Nearly every day our team spends a meaningful amount of time discussing basis differentials, basis risk and mitigating basis risk, yet basis is a topic that is far too often neglected – both knowingly and unknowingly – by many market participants.
Energy basis – what is it and how can it be hedged?
What is basis? In simple terms, it's the difference between the price of an energy commodity in one market and the price of the same or similar energy commodity in a different market. The different “market” can be a different location, also known as locational or geographical basis (e.g., US Gulf Coast ultra-low sulfur diesel vs. New York Harbor ultra-low sulfur diesel), a different product or quality which we can be referred to as product or quality basis (e.g. Singapore gasoil vs. Singapore jet fuel) or a different tenor, duration or time frame (e.g. a November NYMEX WTI crude oil future vs. a December NYMEX WTI crude oil future), which we refer to as "calendar basis". Why is understanding basis, and basis risk, a key factor in energy price risk management? Let's explore a few examples.
Locational basis risk is the risk that you encounter when you hedge with a contract that doesn't have the same or similar delivery point as the risk you are seeking to hedge. As an example, if a US Gulf Coast oil producer decides to hedge their crude oil price risk with NYMEX WTI futures (which are deliverable in Cushing, Oklahoma), the producer is exposed to the locational basis risk between Cushing and their local market price in the Gulf Coast e.g., WTI Houston. To quantify this example, the December WTI Cushing crude oil swap closed yesterday at $72.48/BBL, while the December WTI Houston crude oil basis swap closed yesterday at $1.30/BBL. This indicates that the forward market for December WTI Houston is trading at a $1.30 premium to December WTI Cushing. In a future post we will explore how a Gulf Coast producer, and other market participants, can mitigate their exposure to locational basis risk by hedging with basis swaps and other strategies.
Product or quality basis risk is the risk that you encounter when you are trading or hedging with forward, future or swap which is not the same product or quality as the product that you are seeking to hedge. As an example, jet fuel is often hedged with crude oil, gasoil or ultra-low sulfur diesel fuel (and formerly, heating oil, until the contract transitioned to ultra-low sulfur diesel) as the futures, swaps and options markets for crude oil, gasoil and ULSD futures, swaps and options are much more actively traded (liquid) than the market for jet fuel futures, swaps and options. While jet fuel, gasoil and ULSD are similar (all are middle distillate fuels) and highly correlated, they are not one in the same. As a result, if one chooses to hedge jet fuel with crude oil, gasoil, ULSD or another product, they are exposing themselves to significant product or quality basis risk, and often locational basis risk as well. Many companies are of the opinion that taking on product or quality basis risk is a much better alternative to not hedging at all, an issue we will also address in a future post as well. Like the previous crude oil basis risk example, jet fuel basis risk and other product and/or quality basis risks can also be hedged via basis swaps and other strategies.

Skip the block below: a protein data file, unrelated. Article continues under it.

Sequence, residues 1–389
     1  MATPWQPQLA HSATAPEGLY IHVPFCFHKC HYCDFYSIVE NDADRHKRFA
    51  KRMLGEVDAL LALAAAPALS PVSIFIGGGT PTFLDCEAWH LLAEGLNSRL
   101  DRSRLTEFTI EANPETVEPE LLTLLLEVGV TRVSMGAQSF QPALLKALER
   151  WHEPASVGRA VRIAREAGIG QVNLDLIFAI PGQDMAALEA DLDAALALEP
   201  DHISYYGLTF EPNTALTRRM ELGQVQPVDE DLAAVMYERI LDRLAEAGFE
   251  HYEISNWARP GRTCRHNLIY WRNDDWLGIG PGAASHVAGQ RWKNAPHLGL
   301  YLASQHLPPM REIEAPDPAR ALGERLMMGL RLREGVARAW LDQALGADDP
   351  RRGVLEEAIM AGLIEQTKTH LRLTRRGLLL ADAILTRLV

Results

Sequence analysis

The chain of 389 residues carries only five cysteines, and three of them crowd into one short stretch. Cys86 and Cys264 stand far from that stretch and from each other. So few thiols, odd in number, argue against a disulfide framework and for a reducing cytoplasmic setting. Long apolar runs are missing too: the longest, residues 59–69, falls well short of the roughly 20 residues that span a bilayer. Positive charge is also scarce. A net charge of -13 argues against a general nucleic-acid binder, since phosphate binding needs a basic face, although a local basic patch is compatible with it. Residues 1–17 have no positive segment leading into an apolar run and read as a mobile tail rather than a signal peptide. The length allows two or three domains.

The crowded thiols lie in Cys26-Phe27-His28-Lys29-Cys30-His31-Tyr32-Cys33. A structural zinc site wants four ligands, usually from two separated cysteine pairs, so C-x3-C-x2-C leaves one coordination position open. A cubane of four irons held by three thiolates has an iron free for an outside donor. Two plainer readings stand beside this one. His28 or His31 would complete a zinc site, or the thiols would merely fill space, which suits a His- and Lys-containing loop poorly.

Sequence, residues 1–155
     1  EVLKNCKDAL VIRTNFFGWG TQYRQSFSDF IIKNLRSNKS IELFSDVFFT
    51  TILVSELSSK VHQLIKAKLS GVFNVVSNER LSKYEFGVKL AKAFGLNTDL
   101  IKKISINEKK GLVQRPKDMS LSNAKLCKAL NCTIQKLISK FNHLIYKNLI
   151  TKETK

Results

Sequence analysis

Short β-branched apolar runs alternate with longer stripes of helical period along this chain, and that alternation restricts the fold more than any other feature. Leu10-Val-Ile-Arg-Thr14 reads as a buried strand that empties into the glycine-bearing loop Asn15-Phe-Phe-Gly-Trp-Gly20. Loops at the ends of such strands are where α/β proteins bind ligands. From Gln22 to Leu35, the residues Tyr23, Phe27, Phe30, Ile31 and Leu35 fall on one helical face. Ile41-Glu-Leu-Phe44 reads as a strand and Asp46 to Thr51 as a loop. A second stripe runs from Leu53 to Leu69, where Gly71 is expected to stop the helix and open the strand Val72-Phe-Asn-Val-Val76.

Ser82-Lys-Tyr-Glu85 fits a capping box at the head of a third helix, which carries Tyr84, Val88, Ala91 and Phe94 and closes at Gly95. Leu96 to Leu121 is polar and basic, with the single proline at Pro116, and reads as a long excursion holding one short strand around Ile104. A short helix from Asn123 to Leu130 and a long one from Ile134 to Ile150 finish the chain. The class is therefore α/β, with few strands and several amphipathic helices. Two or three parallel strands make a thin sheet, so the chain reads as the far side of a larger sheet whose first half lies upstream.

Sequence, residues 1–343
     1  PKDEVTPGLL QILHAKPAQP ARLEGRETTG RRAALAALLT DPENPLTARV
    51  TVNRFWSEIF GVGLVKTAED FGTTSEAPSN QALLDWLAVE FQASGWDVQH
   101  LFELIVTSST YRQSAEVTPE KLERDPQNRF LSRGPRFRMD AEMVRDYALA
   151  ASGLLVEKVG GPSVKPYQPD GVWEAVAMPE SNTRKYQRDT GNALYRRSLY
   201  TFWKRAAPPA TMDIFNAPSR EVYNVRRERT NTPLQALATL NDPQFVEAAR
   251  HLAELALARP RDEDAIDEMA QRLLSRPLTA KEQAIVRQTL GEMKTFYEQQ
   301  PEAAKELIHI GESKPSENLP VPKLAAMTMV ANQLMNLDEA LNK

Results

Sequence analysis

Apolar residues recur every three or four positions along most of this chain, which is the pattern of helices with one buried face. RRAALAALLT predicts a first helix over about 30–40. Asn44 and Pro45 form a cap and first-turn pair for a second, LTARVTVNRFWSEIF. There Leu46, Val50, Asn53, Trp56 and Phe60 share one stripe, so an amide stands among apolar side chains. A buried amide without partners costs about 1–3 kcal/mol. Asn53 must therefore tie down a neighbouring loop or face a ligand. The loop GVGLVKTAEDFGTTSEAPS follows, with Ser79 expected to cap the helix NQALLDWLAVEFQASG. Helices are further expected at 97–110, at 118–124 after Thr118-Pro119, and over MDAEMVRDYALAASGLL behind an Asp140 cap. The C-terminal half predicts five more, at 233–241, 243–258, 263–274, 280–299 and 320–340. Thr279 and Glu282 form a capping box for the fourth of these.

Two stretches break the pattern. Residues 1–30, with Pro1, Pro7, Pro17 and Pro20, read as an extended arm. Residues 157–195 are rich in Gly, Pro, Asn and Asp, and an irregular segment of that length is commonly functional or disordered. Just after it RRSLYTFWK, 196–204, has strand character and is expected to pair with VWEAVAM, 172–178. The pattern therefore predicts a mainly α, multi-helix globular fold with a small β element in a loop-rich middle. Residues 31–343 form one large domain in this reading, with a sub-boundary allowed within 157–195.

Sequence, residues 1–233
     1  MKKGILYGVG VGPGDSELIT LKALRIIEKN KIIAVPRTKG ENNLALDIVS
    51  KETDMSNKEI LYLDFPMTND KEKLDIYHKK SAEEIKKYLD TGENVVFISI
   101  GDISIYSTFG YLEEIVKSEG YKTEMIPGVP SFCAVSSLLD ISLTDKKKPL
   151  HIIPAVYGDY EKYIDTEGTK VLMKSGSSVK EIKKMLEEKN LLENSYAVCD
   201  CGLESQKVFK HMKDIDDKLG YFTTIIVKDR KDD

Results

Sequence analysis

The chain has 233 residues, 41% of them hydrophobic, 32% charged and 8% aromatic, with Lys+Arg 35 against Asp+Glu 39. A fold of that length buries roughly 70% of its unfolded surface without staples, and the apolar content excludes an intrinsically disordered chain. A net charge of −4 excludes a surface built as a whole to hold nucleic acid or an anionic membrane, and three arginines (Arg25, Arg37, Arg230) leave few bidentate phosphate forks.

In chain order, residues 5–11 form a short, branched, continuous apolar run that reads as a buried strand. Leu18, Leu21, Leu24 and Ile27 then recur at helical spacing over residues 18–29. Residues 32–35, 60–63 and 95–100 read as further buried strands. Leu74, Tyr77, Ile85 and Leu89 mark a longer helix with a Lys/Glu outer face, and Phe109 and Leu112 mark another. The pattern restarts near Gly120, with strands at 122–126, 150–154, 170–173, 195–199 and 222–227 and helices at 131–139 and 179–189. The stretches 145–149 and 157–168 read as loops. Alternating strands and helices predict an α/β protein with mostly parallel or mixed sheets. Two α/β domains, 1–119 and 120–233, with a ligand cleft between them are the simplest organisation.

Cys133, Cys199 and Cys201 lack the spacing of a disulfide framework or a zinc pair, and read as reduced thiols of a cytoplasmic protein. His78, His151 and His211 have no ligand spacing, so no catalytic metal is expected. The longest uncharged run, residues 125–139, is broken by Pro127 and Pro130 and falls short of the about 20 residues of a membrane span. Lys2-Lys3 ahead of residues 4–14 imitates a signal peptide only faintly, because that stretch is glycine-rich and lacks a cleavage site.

Calendar basis risk, also known as calendar spread risk, is the risk that arises from hedging with a contract that doesn't expire, settle or mature on the same date as the underlying exposure. As an example, a large consumer (i.e., a vehicle fleet) of gasoline might decide to hedge their anticipated August gasoline consumption by purchasing a September NYMEX RBOB gasoline future. In this example, the consumer is exposed to calendar basis risk as RBOB gasoline futures expire on the last day of the month prior to the delivery month i.e., the September RBOB gasoline futures contract expires on the last trading day of August while the consumer is purchasing gasoline all month, not on a single day.
While many might assume that this consumer has no choice but to accept the basis risk, this is not the case. There are other, actively traded products which will allow them to mitigate their exposure to calendar basis risk. As an example, in the OTC crude oil and refined product financial derivatives (paper) markets - including gasoline - there are futures, swaps and options that settle against the calendar month average of the prompt futures contract, an instrument which is clearly advantageous to the gasoline consumer when compared to the futures contract itself as they are consuming gasoline on a daily basis, not just the last trading day of the month.
Back to our example, if this gasoline consumer were to have hedged their August gasoline price risk with an August RBOB gasoline (calendar month average) swap, the swap would settle against the average settlement price of the prompt futures contract for each business day during August, which in this case would be the September RBOB gasoline futures contract. By utilizing the swap rather than a futures contract, the consumer has aligned their daily purchases with a hedge which is based on the calendar month average rather than a single day, which would be the case with the futures contract.
This post is a mere introduction to energy basis, basis risk and basis hedging, all of which can be rather challenging subjects to those who aren’t well versed in the subjects. As previously mentioned, we will be covering these topics in much more depth in the coming weeks and months. In the meantime, if you are interested in additional information regarding energy basis, basis risk and basis hedging, you might be interested in the following posts: